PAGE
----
What's the law
Doctors and health care providers are held to a standard of care of acceptable practice by community standards. When this standard is breached and a patient is injured, the physician or health care provider can be required to pay compensation. Compensation can include medical bills, lost wages, and intangible amounts such as pain and suffering and loss of the capacity to enjoy life. When the breach of conduct leads to a death, the survivors of the decedent can make a claim for loss of support and services, and for their mental pain and anguish.
Perhaps no legal field is as difficult and demanding as medical malpractice. The first challenge is determining whether a breach of the standard of care has occurred. This requires a thorough review of the medical records, both by firm personnel and by hired consultants. Next occurs intensive research into the medical literature. The injury or disease that was the reason for treatment must be fully understood. Finally, a consulting physician must agree that a breach of the standard of care has occurred. All of these steps are necessary before a claim can be filed. The intensive investigation required is the reason the firm retains a full-time medical director and keeps a consulting physician on staff.
Most doctors are competent, caring professionals. A few, however, are unqualified and cause tremendous harm to their patients. However, many physicians are reluctant to testify against other doctors. One client underwent several unnecessary spinal surgeries. Instead of helping, the surgeries left him partially paralyzed. The firm investigated these incidents and was able to secure the assistance of practicing physicians who were willing to testify against the unqualified doctor. A substantial verdict was reached against the physician. This cases proves that, if the medical negligence can be proved, doctors will in fact testify against their colleagues.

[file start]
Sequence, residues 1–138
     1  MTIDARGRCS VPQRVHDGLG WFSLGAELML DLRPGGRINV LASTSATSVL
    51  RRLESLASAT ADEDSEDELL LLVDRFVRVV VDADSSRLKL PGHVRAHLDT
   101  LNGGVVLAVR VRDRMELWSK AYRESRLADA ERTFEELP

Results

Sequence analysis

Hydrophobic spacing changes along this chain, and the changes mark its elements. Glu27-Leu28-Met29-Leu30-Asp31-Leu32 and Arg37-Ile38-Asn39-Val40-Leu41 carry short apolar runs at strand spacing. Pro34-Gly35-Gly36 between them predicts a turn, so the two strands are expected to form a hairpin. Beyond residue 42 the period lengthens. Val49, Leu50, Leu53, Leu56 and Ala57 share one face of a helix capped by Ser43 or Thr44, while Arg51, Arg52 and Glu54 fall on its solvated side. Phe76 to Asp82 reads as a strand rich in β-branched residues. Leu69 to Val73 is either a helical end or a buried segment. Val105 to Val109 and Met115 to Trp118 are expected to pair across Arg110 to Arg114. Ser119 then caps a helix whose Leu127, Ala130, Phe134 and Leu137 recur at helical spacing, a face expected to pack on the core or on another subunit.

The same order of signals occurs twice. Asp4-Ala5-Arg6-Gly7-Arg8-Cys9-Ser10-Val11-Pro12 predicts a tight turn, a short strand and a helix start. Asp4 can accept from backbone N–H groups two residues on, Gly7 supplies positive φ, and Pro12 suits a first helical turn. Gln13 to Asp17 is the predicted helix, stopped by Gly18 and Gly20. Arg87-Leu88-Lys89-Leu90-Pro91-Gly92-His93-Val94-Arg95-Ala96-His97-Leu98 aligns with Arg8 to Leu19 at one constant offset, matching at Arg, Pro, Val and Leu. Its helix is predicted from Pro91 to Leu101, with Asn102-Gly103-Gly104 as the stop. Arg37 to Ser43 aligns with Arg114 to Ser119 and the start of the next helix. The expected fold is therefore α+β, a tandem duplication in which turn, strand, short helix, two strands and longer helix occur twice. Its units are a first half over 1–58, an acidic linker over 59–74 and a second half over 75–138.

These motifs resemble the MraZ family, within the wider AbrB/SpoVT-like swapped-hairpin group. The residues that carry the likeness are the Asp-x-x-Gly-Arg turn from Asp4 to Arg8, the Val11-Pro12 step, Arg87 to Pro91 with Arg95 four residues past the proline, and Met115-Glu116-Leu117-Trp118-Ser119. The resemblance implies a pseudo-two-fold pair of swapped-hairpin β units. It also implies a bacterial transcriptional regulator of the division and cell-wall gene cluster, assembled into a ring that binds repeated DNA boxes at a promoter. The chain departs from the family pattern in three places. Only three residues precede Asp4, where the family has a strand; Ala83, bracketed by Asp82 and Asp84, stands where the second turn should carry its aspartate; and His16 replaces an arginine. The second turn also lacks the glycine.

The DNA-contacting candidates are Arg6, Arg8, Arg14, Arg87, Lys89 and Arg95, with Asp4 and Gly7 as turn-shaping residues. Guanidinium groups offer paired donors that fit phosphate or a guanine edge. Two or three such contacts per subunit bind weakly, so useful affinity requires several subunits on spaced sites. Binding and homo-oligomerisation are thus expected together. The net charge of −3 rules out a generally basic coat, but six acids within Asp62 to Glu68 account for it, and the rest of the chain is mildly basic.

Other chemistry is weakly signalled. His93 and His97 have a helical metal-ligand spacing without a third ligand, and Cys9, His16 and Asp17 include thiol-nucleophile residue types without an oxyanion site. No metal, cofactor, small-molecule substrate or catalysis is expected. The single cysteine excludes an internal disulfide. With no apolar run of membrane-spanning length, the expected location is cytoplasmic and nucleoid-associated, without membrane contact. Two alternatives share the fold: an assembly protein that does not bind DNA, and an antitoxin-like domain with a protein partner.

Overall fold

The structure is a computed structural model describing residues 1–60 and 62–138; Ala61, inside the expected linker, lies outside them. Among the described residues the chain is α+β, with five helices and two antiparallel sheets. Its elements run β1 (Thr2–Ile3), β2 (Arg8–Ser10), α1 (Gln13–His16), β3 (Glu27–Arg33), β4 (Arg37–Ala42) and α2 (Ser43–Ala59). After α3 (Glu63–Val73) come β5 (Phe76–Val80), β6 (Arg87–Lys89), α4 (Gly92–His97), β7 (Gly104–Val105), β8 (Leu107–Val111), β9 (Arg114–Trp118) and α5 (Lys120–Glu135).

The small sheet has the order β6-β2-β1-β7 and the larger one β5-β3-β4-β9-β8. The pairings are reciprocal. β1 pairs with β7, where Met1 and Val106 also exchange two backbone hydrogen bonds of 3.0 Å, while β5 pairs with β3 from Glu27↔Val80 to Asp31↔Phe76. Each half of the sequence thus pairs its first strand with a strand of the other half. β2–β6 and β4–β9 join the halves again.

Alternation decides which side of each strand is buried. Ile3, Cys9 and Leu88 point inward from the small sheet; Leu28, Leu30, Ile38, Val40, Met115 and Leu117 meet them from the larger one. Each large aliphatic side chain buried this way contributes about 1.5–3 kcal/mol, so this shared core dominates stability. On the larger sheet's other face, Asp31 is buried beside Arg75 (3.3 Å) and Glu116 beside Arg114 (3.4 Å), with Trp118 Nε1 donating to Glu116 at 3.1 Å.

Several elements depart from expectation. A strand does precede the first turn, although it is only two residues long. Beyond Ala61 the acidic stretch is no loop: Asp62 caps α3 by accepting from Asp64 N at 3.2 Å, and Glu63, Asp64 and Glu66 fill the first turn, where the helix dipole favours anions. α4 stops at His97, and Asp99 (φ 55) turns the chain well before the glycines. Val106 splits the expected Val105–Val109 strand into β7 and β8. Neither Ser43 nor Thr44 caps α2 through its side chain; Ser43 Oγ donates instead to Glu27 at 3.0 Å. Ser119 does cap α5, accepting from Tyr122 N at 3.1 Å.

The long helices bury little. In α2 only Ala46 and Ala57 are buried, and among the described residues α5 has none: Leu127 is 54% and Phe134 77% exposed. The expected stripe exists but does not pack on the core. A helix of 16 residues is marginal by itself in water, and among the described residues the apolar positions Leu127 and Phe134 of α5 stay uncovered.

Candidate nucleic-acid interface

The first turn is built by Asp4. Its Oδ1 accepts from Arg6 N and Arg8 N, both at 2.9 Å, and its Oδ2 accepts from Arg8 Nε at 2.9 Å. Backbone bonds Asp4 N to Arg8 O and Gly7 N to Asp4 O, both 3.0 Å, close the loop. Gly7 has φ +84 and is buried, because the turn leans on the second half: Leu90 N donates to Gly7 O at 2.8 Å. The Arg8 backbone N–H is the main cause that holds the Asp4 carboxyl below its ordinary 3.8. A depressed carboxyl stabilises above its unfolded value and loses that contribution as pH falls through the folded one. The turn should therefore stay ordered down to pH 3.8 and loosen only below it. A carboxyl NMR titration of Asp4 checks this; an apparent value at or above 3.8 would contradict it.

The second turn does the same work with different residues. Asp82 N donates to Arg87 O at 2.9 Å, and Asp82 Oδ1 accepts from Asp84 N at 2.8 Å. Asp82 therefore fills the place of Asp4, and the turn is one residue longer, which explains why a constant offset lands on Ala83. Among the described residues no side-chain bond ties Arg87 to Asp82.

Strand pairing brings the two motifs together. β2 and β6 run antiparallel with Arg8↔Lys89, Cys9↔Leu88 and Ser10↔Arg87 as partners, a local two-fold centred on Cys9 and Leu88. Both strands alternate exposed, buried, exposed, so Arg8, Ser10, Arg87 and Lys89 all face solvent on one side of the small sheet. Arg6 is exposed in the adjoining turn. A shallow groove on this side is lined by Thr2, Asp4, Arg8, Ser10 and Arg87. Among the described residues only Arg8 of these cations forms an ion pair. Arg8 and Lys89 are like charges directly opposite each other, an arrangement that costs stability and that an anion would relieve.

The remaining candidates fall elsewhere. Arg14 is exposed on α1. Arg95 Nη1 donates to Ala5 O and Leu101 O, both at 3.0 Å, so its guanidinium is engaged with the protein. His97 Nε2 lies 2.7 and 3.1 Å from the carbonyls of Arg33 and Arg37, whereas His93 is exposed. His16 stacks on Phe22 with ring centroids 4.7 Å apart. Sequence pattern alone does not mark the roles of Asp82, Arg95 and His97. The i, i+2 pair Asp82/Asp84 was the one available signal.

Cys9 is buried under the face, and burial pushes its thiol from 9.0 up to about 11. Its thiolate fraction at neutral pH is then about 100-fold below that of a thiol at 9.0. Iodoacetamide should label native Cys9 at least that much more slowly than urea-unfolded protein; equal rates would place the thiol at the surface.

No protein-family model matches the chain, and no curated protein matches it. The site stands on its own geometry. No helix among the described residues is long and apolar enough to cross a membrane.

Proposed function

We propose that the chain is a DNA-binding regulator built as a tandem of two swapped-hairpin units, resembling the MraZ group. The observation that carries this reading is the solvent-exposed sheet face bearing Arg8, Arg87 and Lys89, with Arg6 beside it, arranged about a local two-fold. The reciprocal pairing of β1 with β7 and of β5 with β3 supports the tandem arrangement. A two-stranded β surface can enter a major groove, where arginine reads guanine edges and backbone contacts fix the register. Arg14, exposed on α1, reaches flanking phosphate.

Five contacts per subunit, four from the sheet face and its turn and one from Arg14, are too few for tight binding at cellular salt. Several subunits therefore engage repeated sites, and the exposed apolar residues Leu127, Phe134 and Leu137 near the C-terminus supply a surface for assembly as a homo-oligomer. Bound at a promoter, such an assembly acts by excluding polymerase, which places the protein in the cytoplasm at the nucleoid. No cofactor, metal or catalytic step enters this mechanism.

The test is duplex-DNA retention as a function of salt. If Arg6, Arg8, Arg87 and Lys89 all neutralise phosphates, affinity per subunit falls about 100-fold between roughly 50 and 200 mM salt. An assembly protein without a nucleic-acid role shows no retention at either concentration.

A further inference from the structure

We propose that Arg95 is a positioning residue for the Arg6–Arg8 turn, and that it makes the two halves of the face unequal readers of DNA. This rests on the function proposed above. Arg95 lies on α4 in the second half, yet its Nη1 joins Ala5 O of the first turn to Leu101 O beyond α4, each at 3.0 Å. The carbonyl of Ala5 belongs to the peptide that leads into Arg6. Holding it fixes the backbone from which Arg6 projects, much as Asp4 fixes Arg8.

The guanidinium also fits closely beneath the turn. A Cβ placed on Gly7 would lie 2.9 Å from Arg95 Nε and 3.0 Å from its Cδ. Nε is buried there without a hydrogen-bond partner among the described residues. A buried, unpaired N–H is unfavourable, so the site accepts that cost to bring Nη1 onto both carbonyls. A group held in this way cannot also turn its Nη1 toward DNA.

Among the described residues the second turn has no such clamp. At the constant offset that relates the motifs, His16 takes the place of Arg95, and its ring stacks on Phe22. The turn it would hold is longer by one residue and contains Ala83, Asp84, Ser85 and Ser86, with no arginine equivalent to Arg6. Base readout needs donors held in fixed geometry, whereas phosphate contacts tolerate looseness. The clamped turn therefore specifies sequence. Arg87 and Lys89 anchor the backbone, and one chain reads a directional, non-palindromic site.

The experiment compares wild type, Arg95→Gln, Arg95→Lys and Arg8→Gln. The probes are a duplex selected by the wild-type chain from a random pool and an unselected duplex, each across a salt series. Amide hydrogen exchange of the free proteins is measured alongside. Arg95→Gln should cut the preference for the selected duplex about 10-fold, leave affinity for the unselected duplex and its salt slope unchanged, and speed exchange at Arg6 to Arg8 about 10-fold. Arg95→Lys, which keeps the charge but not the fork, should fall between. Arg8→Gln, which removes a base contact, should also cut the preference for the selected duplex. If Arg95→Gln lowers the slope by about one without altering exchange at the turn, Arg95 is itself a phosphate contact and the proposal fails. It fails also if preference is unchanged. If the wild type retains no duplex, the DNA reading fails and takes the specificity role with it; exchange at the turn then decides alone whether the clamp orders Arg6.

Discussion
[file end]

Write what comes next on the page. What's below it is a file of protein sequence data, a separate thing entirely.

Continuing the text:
Patient's complaints ignored
Not to have your symptoms taken seriously is a terrible injustice. When our 48-year-old client presented to a local emergency room, her complaints of numbness, chest pain, and tingling were dismissed as "psychological." A few weeks later, further tests revealed the truth - cervical disk compression leading to paralysis. Our research showed that the condition was treatable, if the complaints had been taken seriously from the start. A substantial settlement was approved against the hospital that ignored the symptoms. The case should be a lesson to all: our client’s problems must always be seriously evaluated.